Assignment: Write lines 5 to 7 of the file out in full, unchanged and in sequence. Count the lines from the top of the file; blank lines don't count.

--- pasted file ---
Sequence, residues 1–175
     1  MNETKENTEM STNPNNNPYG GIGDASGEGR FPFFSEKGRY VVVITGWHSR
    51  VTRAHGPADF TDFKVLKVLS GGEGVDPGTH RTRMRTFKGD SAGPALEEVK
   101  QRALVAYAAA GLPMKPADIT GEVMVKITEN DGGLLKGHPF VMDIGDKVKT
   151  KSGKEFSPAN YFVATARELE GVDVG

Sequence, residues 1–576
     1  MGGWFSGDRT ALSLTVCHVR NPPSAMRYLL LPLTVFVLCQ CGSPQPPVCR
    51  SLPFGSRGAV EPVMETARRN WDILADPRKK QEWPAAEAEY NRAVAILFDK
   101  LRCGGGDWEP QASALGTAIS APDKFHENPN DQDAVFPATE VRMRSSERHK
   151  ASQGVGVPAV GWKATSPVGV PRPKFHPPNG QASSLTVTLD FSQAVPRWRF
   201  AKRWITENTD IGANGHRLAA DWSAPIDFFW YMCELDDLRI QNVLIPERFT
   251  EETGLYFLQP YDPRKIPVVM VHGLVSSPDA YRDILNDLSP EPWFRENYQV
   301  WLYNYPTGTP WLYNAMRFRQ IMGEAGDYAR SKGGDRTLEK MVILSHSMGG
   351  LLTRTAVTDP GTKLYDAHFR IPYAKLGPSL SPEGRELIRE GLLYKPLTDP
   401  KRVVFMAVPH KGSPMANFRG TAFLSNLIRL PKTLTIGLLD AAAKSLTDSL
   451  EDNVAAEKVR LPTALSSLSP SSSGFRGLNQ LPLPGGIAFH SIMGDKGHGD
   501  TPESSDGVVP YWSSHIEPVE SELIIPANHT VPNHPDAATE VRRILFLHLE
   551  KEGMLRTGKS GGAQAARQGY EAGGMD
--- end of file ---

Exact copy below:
   151  KSGKEFSPAN YFVATARELE GVDVG

Sequence, residues 1–576
     1  MGGWFSGDRT ALSLTVCHVR NPPSAMRYLL LPLTVFVLCQ CGSPQPPVCR